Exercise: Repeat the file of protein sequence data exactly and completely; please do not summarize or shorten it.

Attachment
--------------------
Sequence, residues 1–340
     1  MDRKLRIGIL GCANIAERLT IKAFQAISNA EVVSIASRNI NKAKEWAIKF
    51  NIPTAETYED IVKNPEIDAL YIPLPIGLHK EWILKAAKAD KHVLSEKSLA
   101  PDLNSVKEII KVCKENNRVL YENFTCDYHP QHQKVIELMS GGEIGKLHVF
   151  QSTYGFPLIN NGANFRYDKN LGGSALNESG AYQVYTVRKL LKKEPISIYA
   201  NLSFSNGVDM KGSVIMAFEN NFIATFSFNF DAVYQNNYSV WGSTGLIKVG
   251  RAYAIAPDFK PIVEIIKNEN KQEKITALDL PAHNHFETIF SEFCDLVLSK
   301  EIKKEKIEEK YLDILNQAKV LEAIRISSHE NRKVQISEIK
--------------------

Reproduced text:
Sequence, residues 1–340
     1  MDRKLRIGIL GCANIAERLT IKAFQAISNA EVVSIASRNI NKAKEWAIKF
    51  NIPTAETYED IVKNPEIDAL YIPLPIGLHK EWILKAAKAD KHVLSEKSLA
   101  PDLNSVKEII KVCKENNRVL YENFTCDYHP QHQKVIELMS GGEIGKLHVF
   151  QSTYGFPLIN NGANFRYDKN LGGSALNESG AYQVYTVRKL LKKEPISIYA
   201  NLSFSNGVDM KGSVIMAFEN NFIATFSFNF DAVYQNNYSV WGSTGLIKVG
   251  RAYAIAPDFK PIVEIIKNEN KQEKITALDL PAHNHFETIF SEFCDLVLSK
   301  EIKKEKIEEK YLDILNQAKV LEAIRISSHE NRKVQISEIK